Executors, curators, liquidators and trustees (commonly referred to as “Estate Administrators”) may be required to furnish security to the satisfaction of the Master for their administration prior to commencement of their duties in any estate. Where they are so required to do, they may approach SRM for a security bond, which is also known as a surety bond.
What is a surety bond?
A surety bond or surety is a guarantee by a surety (the Insurer) to pay one party (the Master) a certain amount if a second party (the executor/ curator/ liquidator/ trustee. If any default if made by any executor/ curator/ liquidator/ trustee in the proper performance of his functions, the Master may enforce the security and recover from such executor/ curator/ liquidator/ trustee or his sureties the loss to the estate.
In essence the surety guarantees the proper administration of funds and property by the executor/ curator/ liquidator/ trustee. The bonds are required in accordance with applicable legislation governing the administration of the various estates.
Who pays for the surety bond?
The Master allows the reasonable costs of finding security , insurance premiums charged at a percentage of the estate asset value to be paid out of the estate.
- Executor bonds 0.5% plus vat
- Curator bonds 0.6 % plus vat
- Liquidation bonds 0.5% plus vat
- Trustee bonds 0.6% plus vat
- Tutor bonds 0.6% plus vat
Surety’s right of recourse
Should it arise that the surety is required by the Master to pay any losses suffered by the estate as a result of the default of the executor/ curator/ liquidator/ trustee, the surety is subrogated to the rights of the creditor i.e., the insurer has the same rights as those of the Master. It can sue the executor/ curator/ liquidator to exercise those rights.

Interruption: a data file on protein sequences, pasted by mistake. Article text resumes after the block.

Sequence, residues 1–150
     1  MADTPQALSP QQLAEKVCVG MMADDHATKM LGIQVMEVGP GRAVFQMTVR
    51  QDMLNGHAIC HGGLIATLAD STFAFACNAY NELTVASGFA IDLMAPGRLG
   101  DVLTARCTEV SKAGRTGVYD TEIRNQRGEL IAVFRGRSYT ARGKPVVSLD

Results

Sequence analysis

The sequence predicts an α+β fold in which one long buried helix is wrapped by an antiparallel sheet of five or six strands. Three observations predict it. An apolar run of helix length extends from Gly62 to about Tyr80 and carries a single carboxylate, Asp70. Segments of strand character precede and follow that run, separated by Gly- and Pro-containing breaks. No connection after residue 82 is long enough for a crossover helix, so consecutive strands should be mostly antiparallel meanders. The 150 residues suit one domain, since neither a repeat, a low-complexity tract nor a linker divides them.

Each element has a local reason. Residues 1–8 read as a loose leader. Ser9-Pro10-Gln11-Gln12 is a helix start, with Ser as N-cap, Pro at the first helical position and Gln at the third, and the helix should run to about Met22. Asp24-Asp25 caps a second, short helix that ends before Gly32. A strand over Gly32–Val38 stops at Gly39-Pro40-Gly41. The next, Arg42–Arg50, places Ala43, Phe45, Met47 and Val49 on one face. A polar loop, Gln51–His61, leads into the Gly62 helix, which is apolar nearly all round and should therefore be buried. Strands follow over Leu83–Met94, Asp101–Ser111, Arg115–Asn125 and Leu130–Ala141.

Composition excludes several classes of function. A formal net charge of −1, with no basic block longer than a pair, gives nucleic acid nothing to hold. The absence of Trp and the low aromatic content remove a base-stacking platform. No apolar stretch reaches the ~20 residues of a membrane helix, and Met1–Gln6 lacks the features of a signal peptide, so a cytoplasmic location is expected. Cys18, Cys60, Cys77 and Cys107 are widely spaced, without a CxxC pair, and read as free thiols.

At SRM you can obtain Executor bonds / Curator bonds / Liquidation bonds / Trustee bonds / Tutor bonds
Essentially the terms of the suretyship are all the same for the different types of estates. However the Master’s reference on the bond will indicate whether it is for an Executor, curator, liquidation or Trust bond.
In respect of all these types of bonds, where the estate administrators have accounted to the satisfaction of the Master for any property, the value of which was taken into consideration when the amount was assessed, the Master may reduce the amount of security (the bond) to an amount which would in his opinion, be sufficient to cover the value of the property which such estate administrator has been appointed to liquidate and distribute and which has not yet been accounted for.
Once all the property of the estate, has been administered, the bond may be reduced to nil, at which point the surety’s obligations are likewise reduced to zero from the date confirmed by the Master.
Share this article
For law firms and sole practitioners alike, it is critical that the limit of cover offered under your Professional Indemnity insurance policy is adequate for your business. We strongly recommend you review your limit to determine whether an increase in cover, beyond what may be offered by your professional indemnity fund. For attorneys this is…
Contemplating an application for the sequestration of a debtor’s estate in terms of the Insolvency Act?
An application may be launched in the High Court to sequestrate the estate of the insolvent if the creditor has a claim of R 1000 or more against the debtor. This figure hasn’t been increased for some time since the enactment of the Insolvency Act in 1936. However we can imagine only those persons with…
Should you suspect a loss has been suffered by an estate at the hands of a trustee / liquidator/ executor (the incumbent named on the bond of security), you should proceed to investigate it. Once your investigation is complete, you need to notify the Master of your investigations and be able to substantiate the loss…